The Australian government has announced that it will introduce its proposed Internet filtering system next year.
Announcing the plan, Communications Minister Stephen Conroy said there is "no silver-bullet solution to cybersafety," but that "it is important that all Australians, particularly young children, are protected from this material."
The filter has drawn heavy criticism from Internet freedom groups, who say that the proposed filter will be ineffective, expensive and is liable to produce ‘false positives’.
The details of the Australian government’s plans have so far been kept secret, however civil liberties advocates regard the proposals with suspicion, fearing that ‘scope creep’ may see the filter grow to include Web sites addressing eating disorders and hate speech, two issues that have already been proposed as potential targets by politicians in Australia.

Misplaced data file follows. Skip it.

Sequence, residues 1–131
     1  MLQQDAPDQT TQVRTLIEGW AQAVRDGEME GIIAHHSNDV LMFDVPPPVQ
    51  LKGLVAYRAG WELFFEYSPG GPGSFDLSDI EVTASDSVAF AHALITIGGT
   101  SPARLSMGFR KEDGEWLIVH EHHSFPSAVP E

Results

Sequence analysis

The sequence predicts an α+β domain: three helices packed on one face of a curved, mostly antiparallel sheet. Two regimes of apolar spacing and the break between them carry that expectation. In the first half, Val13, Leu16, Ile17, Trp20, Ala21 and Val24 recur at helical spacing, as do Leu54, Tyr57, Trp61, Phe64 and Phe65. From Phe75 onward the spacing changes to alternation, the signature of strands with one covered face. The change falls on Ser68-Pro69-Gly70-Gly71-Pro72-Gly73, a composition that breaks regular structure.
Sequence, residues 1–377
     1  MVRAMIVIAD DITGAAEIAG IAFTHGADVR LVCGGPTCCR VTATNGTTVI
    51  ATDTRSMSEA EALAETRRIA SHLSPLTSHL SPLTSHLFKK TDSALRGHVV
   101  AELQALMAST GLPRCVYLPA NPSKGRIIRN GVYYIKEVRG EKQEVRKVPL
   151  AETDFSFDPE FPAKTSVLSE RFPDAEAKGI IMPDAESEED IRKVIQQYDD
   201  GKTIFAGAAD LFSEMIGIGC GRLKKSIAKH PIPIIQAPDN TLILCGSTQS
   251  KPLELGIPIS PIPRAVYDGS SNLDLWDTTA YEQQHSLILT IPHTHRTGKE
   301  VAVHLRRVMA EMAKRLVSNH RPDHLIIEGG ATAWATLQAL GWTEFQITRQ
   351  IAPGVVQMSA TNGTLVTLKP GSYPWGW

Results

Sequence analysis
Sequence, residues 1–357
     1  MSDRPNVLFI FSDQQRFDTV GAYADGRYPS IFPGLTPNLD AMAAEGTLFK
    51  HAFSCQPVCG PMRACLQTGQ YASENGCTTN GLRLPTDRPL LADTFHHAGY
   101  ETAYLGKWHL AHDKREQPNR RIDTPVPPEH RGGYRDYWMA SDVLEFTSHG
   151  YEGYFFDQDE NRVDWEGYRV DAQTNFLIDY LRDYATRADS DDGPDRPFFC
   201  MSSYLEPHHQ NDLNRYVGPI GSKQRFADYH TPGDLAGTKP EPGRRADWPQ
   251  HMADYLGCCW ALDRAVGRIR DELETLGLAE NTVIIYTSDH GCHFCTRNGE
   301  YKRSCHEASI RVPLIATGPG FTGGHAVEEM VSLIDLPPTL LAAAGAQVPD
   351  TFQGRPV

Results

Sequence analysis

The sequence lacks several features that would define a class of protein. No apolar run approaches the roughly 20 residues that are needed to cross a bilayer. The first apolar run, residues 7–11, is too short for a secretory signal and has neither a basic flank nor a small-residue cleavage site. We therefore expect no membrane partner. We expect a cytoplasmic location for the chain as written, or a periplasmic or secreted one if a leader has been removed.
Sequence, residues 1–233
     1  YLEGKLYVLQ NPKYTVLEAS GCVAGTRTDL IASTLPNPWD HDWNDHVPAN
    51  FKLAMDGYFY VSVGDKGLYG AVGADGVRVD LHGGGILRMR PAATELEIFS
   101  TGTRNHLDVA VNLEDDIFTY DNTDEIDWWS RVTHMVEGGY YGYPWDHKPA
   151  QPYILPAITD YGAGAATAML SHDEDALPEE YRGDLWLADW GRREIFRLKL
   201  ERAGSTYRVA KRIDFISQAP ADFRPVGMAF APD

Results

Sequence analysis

Minister Conroy has dismissed such concerns.
"If people equate freedom of speech with watching child pornography, then the Rudd-Labor Government is going to disagree."
The filter sees Australia join countries such as China and Iran, countries who have both drawn criticism from civil liberties and human rights organisation over the application of Internet censorship.
Details of the government's proposals can be read here.